Recently they’ve updated the tool, allowing it to import keywords, export them to other tools in their suite, but generally, it’s still a good tool. Add to that the article research tool they have. Also, don’t underestimate the power of the keyword difficulty metric.
I really love it when I want to do something quickly, get some numbers and start working on it. Heck, I love this tool, period. It’s fast, powerful, multipurpose, well-integrated, easy to navigate, really good piece of SEO software. If you’re not an agency though, chances are it’s prohibitively priced and you can live with it. The cheapest plan comes out to 100 bucks every month! That is with a 5 project limit, if you want more, you’ll have to spend even more.
Adding to that, I’m not entirely happy with it when I need an in-depth keyword research, and the price is very steep. Maybe it’s just me, but I really love using a tool that I’ve gotten used to over the years, before getting the SEMRush, which is:
Market Samurai. Plenty of SEOs don’t really like this tool. It can be clunky, buggy and slow. It forces you to install Adobe Air runtime -name me one other Air application that you use. You probably can’t. Also, back in the day, it was a great tool and then somewhere along the road, it turned bad. Today though, it’s still clunky, it’s still slow, but its results are pretty darn good.
When you look on their website, you’ll see that this is a $150 tool. That in itself isn’t that bad, but not exactly cheap. It can get much cheaper though, and that is something their main pages won’t tell you. It can be quite free.
Download their 14-day trial and try everything it’s got. Maybe you’ll find some option that will be worth those 150 bucks to you, maybe not, they’re there anyway while you’ve got that trial. Once those 14 days are up, you’ll get that pesky “your trial is over” message and premium tools will be turned off, but the keyword research itself will stay and keep working. That’s the reason you’ve got it, right?
It can suggest you keywords, it can export CSVs, it can do multiple keywords for a single project. With a little ingenuity and combining CSV files, you can do wonders with this tool. Many times, I’ve fired up the research for many keywords in a project, downloaded a bunch of CSV lists, put them all into a new or reused related keyword inside the app, combined everything and gotten lists as long as 1000 keywords. Now, not all of them will have traffic mind you and some of them will be quite bad, but you will be able to pick between way more than you can use.
The downside is, it’s pulling traffic data directly from Google. I’ve learned not to trust this data and always like to double-check it with another tool. Also, when checking the competition metrics, I prefer to skip Basic competition, as it’s not that accurate (do it for the same keyword twice – chances are it’ll give 2 different results). Majestic competition works great though, so not such a big deal. Sometimes it lacks keyword suggestions though, so I like to use one more tool to help me out:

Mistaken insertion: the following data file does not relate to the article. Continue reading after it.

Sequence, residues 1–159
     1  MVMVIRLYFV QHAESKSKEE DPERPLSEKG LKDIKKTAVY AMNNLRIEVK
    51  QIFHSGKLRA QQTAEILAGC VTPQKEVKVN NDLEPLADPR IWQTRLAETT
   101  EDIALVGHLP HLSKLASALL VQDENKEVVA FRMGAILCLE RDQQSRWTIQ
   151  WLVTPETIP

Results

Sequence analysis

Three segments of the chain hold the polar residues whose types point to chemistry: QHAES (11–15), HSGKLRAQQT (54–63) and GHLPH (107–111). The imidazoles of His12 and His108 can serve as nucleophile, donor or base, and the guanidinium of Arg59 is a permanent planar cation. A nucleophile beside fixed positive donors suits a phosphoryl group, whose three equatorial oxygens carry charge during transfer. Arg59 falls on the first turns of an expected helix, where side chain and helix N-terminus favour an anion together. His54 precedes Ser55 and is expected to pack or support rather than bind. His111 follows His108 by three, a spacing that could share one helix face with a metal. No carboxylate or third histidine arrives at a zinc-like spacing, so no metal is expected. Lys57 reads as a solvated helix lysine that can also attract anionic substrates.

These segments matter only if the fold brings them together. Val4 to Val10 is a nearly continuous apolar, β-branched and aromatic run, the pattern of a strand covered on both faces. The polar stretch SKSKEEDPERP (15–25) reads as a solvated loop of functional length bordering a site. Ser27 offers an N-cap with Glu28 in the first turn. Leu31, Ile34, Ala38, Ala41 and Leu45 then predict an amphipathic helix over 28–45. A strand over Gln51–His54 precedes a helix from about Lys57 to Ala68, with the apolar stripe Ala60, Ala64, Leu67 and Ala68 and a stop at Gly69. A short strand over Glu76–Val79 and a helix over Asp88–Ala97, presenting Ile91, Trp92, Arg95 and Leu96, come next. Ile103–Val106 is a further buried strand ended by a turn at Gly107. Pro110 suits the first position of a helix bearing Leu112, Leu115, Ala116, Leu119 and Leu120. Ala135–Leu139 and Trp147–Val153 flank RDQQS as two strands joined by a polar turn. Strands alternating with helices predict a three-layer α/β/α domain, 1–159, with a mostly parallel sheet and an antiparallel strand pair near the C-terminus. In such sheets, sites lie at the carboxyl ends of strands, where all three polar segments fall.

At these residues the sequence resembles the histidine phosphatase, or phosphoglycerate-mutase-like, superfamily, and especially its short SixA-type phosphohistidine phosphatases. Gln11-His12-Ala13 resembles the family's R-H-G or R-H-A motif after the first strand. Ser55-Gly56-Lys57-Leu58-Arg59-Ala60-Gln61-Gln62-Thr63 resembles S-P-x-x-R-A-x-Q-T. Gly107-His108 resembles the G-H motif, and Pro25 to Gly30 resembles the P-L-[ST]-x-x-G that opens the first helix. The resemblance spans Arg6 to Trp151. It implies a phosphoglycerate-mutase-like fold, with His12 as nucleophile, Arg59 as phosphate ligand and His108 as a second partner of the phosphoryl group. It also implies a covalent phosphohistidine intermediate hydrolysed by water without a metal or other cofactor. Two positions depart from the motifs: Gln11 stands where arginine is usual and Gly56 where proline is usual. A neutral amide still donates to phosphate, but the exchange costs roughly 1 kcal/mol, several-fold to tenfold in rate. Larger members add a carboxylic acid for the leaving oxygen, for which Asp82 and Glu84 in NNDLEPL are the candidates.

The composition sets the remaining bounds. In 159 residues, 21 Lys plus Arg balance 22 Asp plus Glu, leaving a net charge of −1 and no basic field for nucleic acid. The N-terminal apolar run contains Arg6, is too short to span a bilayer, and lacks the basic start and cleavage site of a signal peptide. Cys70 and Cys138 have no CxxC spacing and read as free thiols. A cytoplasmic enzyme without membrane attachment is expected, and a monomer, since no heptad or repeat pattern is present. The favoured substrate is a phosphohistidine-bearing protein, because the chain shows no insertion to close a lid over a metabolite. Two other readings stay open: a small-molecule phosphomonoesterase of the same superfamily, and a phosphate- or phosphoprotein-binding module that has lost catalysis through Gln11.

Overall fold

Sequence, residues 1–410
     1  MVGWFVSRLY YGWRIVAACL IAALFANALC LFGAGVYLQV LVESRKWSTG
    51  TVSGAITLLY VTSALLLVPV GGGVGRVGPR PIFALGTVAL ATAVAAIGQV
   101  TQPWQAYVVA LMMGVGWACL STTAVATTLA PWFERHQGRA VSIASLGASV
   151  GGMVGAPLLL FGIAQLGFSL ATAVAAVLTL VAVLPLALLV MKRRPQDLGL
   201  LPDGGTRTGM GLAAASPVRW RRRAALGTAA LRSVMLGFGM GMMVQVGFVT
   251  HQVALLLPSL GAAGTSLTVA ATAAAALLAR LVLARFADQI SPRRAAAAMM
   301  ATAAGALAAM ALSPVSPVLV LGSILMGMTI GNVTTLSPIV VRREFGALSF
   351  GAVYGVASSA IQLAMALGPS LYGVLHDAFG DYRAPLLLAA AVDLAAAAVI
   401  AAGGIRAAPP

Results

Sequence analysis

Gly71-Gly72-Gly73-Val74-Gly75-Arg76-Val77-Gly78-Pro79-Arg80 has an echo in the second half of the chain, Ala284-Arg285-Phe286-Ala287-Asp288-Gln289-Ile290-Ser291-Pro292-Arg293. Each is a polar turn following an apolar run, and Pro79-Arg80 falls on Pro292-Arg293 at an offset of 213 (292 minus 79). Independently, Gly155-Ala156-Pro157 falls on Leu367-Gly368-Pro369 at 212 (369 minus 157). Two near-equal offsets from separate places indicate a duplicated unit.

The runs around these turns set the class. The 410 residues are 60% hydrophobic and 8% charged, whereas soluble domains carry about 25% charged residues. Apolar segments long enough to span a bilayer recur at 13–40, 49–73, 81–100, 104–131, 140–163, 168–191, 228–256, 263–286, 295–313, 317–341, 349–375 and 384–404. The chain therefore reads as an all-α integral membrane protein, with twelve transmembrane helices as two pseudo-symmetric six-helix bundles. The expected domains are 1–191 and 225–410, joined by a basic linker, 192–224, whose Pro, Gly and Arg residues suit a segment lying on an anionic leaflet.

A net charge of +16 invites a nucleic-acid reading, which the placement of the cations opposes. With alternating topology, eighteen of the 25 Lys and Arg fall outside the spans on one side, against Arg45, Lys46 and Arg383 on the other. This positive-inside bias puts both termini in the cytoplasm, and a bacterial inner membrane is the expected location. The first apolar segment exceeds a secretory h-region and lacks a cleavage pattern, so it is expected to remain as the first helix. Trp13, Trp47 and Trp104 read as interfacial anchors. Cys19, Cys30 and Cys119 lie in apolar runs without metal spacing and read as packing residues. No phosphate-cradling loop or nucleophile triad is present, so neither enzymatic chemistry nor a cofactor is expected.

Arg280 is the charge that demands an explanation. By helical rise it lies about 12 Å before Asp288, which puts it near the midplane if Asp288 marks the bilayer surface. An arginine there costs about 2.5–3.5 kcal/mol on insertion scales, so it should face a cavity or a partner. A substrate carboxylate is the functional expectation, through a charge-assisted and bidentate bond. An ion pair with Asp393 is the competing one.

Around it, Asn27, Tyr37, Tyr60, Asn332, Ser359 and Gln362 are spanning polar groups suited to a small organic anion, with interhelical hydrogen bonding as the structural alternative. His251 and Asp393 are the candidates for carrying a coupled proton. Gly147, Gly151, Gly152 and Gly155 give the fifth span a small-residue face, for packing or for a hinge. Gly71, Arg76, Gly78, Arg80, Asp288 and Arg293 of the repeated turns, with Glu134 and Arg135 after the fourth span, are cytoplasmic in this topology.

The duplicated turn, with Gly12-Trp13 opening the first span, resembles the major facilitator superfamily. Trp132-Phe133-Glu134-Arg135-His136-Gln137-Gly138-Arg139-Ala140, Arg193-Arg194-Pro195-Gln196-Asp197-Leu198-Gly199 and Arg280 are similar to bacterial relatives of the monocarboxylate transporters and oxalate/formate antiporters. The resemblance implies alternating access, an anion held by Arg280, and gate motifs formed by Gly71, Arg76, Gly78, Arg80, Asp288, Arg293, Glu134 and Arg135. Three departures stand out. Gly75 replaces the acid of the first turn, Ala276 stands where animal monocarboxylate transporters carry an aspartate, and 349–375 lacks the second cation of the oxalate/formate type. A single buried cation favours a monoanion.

SEOBook. Again, this is a selection of tools, some free, some paid. Some of those are just a list of links to someone else’s tools. They also have a nifty little toolbar that can give you quite a bit of website info.
That’s not why you’re here though. You’re here for their keyword research tool, which is free and has proven to be very interesting from time to time, at least in my use cases. Since I’ve gotten SEMRush I don’t really need it, but if you only have Keyword Planner and Market Samurai, it can help greatly when in a pinch. The suggestions can
be hit and miss (or missing). I’m also not entirely sure how up to date their traffic metrics are. However, I do always advise not looking at just one set of traffic data, so there’s that use case. That said, the main purpose I had for it was keyword suggestion. I don’t really know how many times it’s helped me in a pinch, with my main tools not giving me anything. Your mind and ideas can take you just part of the way, you really need those suggestions to start from somewhere.
Of course, there are other tools other people like. One of the very popular ones is Answer the public, with numerous users swearing by it. It never clicked with me though, so it’s not on my list. Also, I’ve used the SeoQuake toolbar to check on competitor’s backlinks on occasion. Plenty of people also like Wordtracker scout browser extension. There’s also the tool owned by Neil Patel, Ubersuggest, which has free and paid versions and can give you additional keywords and metrics. All of those have their uses and I won’t say for any of them that they’re bad. You have to find your own way since otherwise, keyword research can really be a boring, tedious, horrible experience. This article, however, can be a good starting point for someone new and, who knows, maybe I’ve helped some fellow SEO with some idea he or she has never tried. You don’t have to splurge a huge sum of cache on SEMRush or similar tools in order to do good keyword research – it is easier, but not necessary. With a little practice and your own set of trusted tools, you can do everything quickly, relatively easily and, for many of you most importantly, free.